Unfortunately, neither Rep. Maloney nor the NYT reporter ever really come out and state what they mean by “middle-income” or “middle class.”

I went to the Tax Policy Center website, noted by the NYT piece as a research organization whose work is generally accepted by all sides. In looking at the household income distribution data for 2003, defining the “middle” takes on real meaning. 

For example, suppose I assume that “middle” means only those who are in the third quintile. For 2003 the household income ranges for that 20% runs from $34,001 at the bottom, to $54,453 at the limit, with the mean set at $43,588. If this is what Rep. Maloney meant by the “middle class,” then as explained by the NYT story, the AMT won’t reach that far except under rare conditions. 

If I took a broader approach instead, and assumed that the term cut out only the bottom and top 20%, the range magnifies significantly. “Middle” would include every household earning from $17,985 to $86,868. 

That seems a bit large to me, but the AMT could tap some folks at the high end of that “middle” depending on their individual circumstances, such as living in high-tax states like New York. 

On the other hand, when I look at who actually pays federal income tax, it looks like the question of who’s in the middle is nowhere near as relevant. The Tax Policy Center’s data from the 2000 tax year shows that the top quintile paid 76.6% of the total individual income taxes. The group in the middle 20% paid about 6.9% of the same taxes, with the group in the middle 60% paying an underwhelming 23.7% of the total.

The NYT piece noted that the AMT is among the scheduled topics for discussion and study by the commission appointed by President Bush to review the tax code and make recommendations for changes. As the commission’s work continues toward the current July 31 deadline, I expect we’ll see similar stories about other aspects of the federal income tax system, most of which will be intended to push the debate in particular directions.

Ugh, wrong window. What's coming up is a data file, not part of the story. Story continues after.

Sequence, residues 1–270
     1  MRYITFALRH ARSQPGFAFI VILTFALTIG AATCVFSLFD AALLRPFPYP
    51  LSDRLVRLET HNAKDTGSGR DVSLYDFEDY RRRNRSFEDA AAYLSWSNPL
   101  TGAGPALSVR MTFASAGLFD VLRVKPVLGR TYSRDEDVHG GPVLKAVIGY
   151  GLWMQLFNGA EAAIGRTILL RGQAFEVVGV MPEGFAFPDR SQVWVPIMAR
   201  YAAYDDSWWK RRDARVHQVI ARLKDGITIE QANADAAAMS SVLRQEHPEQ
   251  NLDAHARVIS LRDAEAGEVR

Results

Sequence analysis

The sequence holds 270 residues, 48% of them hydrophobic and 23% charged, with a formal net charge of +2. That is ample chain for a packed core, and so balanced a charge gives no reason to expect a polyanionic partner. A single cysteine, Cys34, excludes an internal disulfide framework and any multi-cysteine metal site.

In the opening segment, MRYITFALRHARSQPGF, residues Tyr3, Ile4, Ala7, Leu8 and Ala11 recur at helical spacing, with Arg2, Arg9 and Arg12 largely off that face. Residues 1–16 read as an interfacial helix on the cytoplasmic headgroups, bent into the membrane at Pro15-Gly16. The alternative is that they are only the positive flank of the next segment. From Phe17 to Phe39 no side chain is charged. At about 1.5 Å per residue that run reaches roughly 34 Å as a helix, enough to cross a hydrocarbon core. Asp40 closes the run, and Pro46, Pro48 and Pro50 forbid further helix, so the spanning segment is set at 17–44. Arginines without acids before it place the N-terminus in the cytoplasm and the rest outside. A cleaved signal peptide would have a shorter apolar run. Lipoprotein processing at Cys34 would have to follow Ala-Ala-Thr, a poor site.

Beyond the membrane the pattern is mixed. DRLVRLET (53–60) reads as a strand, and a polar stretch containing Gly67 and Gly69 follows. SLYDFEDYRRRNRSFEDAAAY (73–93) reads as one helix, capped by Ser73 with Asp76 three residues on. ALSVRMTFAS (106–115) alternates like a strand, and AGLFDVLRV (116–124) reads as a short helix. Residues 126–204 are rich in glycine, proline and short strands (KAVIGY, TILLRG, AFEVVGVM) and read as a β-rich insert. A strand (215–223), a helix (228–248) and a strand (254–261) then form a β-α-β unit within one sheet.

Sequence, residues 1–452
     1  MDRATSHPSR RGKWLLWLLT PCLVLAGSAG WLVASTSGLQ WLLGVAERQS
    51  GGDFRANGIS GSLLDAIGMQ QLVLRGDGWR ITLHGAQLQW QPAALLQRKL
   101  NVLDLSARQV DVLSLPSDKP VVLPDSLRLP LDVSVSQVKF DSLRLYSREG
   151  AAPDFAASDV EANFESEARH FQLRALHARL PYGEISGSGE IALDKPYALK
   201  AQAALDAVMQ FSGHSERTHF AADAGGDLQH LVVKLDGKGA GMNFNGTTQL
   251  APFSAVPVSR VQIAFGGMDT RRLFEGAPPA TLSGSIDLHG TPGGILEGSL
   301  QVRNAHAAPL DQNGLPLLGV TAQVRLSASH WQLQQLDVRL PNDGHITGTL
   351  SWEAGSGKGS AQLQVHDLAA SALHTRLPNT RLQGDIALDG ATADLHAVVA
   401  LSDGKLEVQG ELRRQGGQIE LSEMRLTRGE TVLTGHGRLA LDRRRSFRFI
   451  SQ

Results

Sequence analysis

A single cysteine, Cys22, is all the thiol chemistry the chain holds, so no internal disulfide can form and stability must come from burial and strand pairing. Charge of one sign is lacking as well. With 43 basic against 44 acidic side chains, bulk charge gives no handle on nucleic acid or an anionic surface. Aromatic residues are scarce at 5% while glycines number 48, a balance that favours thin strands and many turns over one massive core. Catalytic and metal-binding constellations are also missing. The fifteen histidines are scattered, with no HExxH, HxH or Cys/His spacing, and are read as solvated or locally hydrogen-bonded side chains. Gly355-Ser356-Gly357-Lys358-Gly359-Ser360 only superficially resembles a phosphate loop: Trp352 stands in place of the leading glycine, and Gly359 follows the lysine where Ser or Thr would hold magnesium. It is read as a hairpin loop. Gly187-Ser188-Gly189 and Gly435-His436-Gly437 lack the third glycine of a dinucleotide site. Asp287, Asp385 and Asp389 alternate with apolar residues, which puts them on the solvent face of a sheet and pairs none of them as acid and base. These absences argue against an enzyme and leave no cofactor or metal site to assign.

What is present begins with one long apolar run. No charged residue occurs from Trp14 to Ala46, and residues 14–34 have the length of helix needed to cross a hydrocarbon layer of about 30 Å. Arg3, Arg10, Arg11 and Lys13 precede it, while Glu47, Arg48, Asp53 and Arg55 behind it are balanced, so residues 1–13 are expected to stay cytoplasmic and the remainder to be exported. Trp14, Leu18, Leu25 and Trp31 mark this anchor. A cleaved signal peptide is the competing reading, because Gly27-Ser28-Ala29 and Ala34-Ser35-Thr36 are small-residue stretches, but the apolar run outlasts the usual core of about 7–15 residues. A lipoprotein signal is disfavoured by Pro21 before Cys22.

Nonetheless, it would help if the folks writing these articles made sure we all understood what they mean when they use generic terms like “middle class” or “upper income,” instead of leaving it to our imagination. As this example shows, carefully defining these phrases can help remind folks who’s paying these taxes now, and how that burden might shift under the various proposals we’re likely to see.

February 20, 2005
Shameless self-promotion

I posted my most recent golf book review this afternoon.

Roberta Isleib's Fairway to Heaven is the fourth book in the Cassie Burdette mystery series. The action this time takes place in and around Pinehurst, North Carolina, one of my favorite golf destinations.

February 20, 2005
Boat Show

I went down to the Ocean City Boat Show yesterday afternoon with my older brother and one of my buddies.

Judging from the parking and the crowd inside the huge convention center, it looked like the attendance was up significantly from last year.  

When that many folks are looking seriously at making a discretionary purchase ranging $15,000 to $65,000 or so, I take that as a sign that the economy is definitely becoming healthier.

Either that, or there are a lot of people whose sense of proportion can be significantly impaired by the presence of very large toys.


February 18, 2005
Going to see the King

Sometimes you don't have to travel to see someone great.